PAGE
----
This example shows how to reconstruct 3D radiation pattern using patternFromSlices function. A 3D radiation pattern is very important tool for antenna analysis, characterization, design, planning, and applications. This example will show reconstruction of 3-D radiation from 2 orthogonal slices. Pattern reconstruction for an omni-directional and directional antenna will be considered.

Define an omni-directional antenna such as a dipole with a specific frequency and required elevation and azimuth angle.

ant = dipole; freq = 70e6; ele = -90:5:90; azi = -180:1:180;

The slice is along the vertical direction using patternElevation function. Here we can give other 2-D pattern data also.

```
vertSlice = patternElevation(ant,freq,0,'Elevation',ele);
theta = 90 - ele;
```

The two orthogonal slices can also be visualized.

figure; patternElevation(ant,freq,0,'Elevation',ele); figure; patternAzimuth(ant,freq,0,'Azimuth',azi);

For an omni-directional antenna, we can reconstruct the 3-D pattern using vertSlice alone. When only the elevation pattern data is provided, function assumes omnidirectionality of the antenna with symmetry about the z-axis (i.e., azimuthal symmetry).

patternFromSlices(vertSlice,theta);

Reconstruction using both vertSlice & horizSlice data points can also be done for the above case. The reconstructed pattern will not vary. Thus, for any omni-directional antenna 3-D pattern can be reconstructed with sufficient number of data points from orthogonal slices along the theta direction. The reconstructed radiation pattern looks like the 3-D radiation pattern which can be obtained using the pattern function.

Discarding of data points during reconstruction of 3-D pattern happens when both data points span across 360 degrees in 2-D plane. Since the algorithm need maximum span of 360 degree in one plane and a span of 180 degree in the other plane, extra data points are discarded.

vertSlice = patternElevation(ant,freq); theta = 90 - (-180:1:180);

Dimension of pat3-D won't be equal to the length(phi)*length(theta) in this case. The size of thetaout also vary from that of theta dimension. Also, thetaout data will show the values for which data points have been considered during reconstruction.

[pat3D,thetaout]=patternFromSlices(vertSlice,theta); dim_theta = size(thetaout); disp(dim_theta);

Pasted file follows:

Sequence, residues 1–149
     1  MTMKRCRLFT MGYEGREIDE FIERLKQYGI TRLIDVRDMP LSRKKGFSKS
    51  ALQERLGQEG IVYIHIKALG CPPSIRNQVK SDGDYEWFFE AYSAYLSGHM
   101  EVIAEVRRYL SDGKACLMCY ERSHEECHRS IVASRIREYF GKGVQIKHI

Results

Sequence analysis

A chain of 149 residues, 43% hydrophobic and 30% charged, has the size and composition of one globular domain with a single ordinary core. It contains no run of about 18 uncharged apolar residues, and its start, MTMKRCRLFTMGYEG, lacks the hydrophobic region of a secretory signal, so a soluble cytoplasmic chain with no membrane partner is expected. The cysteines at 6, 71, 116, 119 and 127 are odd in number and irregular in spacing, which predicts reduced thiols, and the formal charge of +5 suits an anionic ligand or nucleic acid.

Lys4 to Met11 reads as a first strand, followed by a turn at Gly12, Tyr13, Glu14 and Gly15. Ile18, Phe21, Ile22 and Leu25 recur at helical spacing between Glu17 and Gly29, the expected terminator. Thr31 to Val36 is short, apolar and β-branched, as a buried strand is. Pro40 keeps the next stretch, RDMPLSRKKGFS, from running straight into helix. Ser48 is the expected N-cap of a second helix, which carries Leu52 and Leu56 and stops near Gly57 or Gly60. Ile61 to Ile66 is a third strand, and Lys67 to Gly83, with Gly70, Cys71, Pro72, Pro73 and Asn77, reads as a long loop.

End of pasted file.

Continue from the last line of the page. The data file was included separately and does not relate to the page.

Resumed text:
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3-D radiation pattern will not get affected by data discarding since there will be enough data points along both the orthogonal plane for reconstruction of 3-D pattern. This result will be the same as that of the above reconstructed 3-D radiation pattern.

patternFromSlices(vertSlice,theta);

Define a directional antenna such as helix with specific frequency and values for elevation and azimuth angles.

ant_dir = helix('Tilt',90,'TiltAxis',[0 1 0]); freq = 2e9; ele = -90:5:90; azi = -180:5:180;

The slice along the vertical direction using patternElevation function.

```
vertSlice = patternElevation(ant_dir,freq,0,'Elevation',ele);
theta = 90 - ele;
```

The slice along the horizontal direction using patternAzimuth function.

```
horizSlice = patternAzimuth(ant_dir,freq,0,'Azimuth',azi);
phi = azi ;
```

The two orthogonal slices can also be visualized.

figure; patternElevation(ant_dir,freq,0,'Elevation',ele); figure; patternAzimuth(ant_dir,freq,0,'Azimuth',azi);

For a directional antenna pattern, both the horizontal and vertical slice must be provided for accurate pattern reconstruction. Two separate algorithms are implemented for pattern reconstruction and will consider both below.

The "classic" summing algorithm is the defualt method. This algorithm can be used for near-perfect reconstruction of omni-directional antennas than for directional antenna.

patternFromSlices(vertSlice,theta,horizSlice,phi);

In this algorithm, the normalization parameter can be changed to obtain different results for the reconstructed pattern about the estimated directivity/gain

patternFromSlices(vertSlice,theta,horizSlice,phi,'Method','CrossWeighted');

Originally 3-D radiation pattern using pattern function for helix

figure; pattern(ant_dir,freq);

From comparing the above 3-D radiation pattern using pattern function and the reconstructed 3-D pattern it is clear that front plane of the 3-D pattern is reconstructed well compared to the back plane of it. Also, when reconstruction done using CrossWeighted method is more accurate then summing method for this case.

Antenna manufacturers typically provide details of the antennas that they supply together with the two orthogonal slices of the radiation pattern. The pattern data is available in a variety of formats. One such format that is supported in the Antenna Toolbox is the MSI file format (extension .msi or .pln). Use the msiread function to read the data into the workspace.

```
[Horizontal,Vertical,Optional] = msiread('Test_file_demo.pln');
```

if strcmpi(Optional.gain.unit,'dBd') Horizontal.Magnitude = Horizontal.Magnitude + 2; Vertical.Magnitude = Vertical.Magnitude + 2; end

Visualize the vertical and horizontal gain data in an interactive 2-D polar plot.

figure P = polarpattern(Vertical.Elevation, Vertical.Magnitude); P.TitleTop = 'MSI Planet file data'; createLabels(P,'az=0#deg'); figure Pel = polarpattern(Horizontal.Azimuth, Horizontal.Magnitude); Pel.TitleTop = 'MSI Planet file data'; createLabels(Pel,'el=0#deg');

Extract the pattern slice magnitude data from the two output structures as well as the azimuth and elevation angle data. Note, that the angle data should be adjusted for the phi-theta convention. The azimuth angles maps to phi but the elevation angle is adjusted by 90 degrees to map to theta.

vertSlice = Vertical.Magnitude; theta = 90-Vertical.Elevation; horizSlice = Horizontal.Magnitude; phi = Horizontal.Azimuth; patternFromSlices(vertSlice,theta,horizSlice,phi,'Method','CrossWeighted');